And while I’m discussing the film’s storytelling abilities, I want to take a moment to talk about the way Aster continues to bamboozle his audience with twist after twist. I have not seen a film misdirect its audience so perfectly in…well, I’m not sure I have. For the first thirty minutes, the film continues on at a pace that seems fairly simplistic: it’s a haunted house thriller with a dose of supernaturalism and a dash of metaphor. It’s well-executed, but not very unique. And then, exactly at the thirty minute mark, the film takes a hard left turn, and from that point on, you will not know what’s going to happen next (I will not spoil it here, as the marketing for this film has miraculously kept the secret for this long). After that point, Aster takes great, sadistic pleasure in changing directions at a moment’s notice. Think you’ve finally figured out what’s going on and what’s going to happen next? F*ck you, time for another twist! Think things are finally ratcheting up to a natural conclusion? F*ck you, twist time! This is the way the film continues onwards time and again, enjoying its role in confusing and astonishing its audience, twisting back and forth for shock and dramatic panache. Unfortunately, as was noted in the Sophocles metaphor above, these excessive twists are not only the film’s greatest strength, but also its fatal flaw. Unfortunately, by the time the film reaches its third act, it has taken on so many twists that the finale has nowhere to go but up. This results in a finale so outlandish and outrageous, it loses all control over its tightly contained story. It’s sort of like the ending of mother!, except wher mother! built to its conclusion naturally and organically for shock value, here it feels sloppy, loose, and slightly too far. What’s worse, the way the ending is portrayed, it almost seems to betray the exact message the film had been building towards the entire time. It’s a shame, because by taking one confusing twist too many, it completely unravels most of the hard work that Aster had put in up to this point, and leaves the audience thinking “Meh” instead of “Holy sh*t.”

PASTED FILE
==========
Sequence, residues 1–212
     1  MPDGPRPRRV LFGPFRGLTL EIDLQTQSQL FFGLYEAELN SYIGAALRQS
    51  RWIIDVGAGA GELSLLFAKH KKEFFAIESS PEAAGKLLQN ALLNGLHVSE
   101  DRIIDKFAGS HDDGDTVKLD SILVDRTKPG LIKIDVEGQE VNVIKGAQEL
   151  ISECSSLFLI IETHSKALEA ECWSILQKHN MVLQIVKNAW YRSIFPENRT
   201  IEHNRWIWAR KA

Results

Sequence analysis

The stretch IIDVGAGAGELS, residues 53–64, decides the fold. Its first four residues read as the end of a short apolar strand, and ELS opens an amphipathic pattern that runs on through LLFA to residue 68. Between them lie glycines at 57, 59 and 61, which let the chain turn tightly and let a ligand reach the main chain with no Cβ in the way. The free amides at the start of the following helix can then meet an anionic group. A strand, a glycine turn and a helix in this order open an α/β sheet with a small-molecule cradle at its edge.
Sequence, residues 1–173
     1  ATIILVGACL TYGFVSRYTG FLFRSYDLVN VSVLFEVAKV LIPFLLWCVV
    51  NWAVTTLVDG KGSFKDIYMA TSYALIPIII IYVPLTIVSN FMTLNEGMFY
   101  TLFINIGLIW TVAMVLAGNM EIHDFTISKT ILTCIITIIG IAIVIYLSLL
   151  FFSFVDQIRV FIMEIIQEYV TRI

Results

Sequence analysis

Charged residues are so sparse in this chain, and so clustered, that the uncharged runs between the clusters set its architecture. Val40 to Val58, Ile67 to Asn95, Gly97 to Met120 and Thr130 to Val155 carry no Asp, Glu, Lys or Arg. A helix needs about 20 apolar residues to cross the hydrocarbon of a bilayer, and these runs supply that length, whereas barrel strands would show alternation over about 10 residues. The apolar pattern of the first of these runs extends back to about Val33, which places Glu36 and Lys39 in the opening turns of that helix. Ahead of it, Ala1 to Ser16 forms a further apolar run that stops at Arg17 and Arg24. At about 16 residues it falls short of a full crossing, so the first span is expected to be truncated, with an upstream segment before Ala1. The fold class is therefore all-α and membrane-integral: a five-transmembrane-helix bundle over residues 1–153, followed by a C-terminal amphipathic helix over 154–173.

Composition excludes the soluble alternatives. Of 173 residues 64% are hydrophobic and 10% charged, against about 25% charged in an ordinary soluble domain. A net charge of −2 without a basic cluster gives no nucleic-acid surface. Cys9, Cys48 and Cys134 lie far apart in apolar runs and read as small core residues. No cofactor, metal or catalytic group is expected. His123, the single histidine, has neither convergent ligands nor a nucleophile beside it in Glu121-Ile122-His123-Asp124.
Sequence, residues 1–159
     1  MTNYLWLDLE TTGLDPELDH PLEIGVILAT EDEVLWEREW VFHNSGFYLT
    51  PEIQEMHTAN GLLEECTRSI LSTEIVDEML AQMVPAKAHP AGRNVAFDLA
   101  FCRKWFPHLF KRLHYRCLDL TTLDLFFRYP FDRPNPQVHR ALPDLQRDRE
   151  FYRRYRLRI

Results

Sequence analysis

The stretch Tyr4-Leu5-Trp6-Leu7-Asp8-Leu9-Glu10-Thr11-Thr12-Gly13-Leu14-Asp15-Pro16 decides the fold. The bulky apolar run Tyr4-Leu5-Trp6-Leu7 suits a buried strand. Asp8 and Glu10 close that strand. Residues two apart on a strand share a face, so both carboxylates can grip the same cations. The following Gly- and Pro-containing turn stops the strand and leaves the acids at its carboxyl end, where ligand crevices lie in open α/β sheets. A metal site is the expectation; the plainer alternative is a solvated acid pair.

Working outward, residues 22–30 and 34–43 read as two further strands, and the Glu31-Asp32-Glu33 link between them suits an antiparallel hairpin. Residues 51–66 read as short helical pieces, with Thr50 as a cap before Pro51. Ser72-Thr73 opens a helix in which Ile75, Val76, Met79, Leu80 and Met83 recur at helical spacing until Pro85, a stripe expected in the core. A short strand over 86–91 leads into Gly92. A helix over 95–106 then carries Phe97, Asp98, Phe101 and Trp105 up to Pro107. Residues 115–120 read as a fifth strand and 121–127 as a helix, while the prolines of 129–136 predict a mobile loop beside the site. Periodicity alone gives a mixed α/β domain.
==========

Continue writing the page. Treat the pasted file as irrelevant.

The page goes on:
Still, while I feel like Aster allowed his story to spiral out of his control in the ending, I can’t help but marvel at the technical prowess on display from beginning to end. Each detail is expertly constructed, almost like the doll houses that Annie crafts and the story is framed inside – the first and final shot feature an aerial push and pull with the camera into a dollhouse, a choice that demonstrates the film’s ideas on fatalism in a masterful stroke by Aster. The editing is smart and simple, continuously building tension to keep the audience on their toes, whether it’s by focusing on a shape in the darkness, a dinnertime fight scene, or a tense drive home in the darkness. The music doesn’t help things in the slightest, maintaining a creepy atmosphere even when things are normal, keeping the audience guessing as to what’s going to happen and when. Although if I’m being honest, I’d rather have the creepy music – it’s much less unsettling than the clucking noises that Charlie makes, both onscreen and off, and there’s nothing worse than when the film decides to stop using sound altogether and just allow the silence to permeate the theater. God, that’s terrifying. However, if I’m being honest, the most powerful moment in the film is not one of the perfectly-executed scenes of tension and terror, but a quiet moment where a character flips through a sketchbook that suddenly goes blank. It would take away from the moment to say anything more about that moment, but I will say it not only sums up the themes of the film perfectly, but there are few moments in all of cinema to convey those emotions so perfectly. Across the board, it is safe to say that Aster knows what he is doing as a director.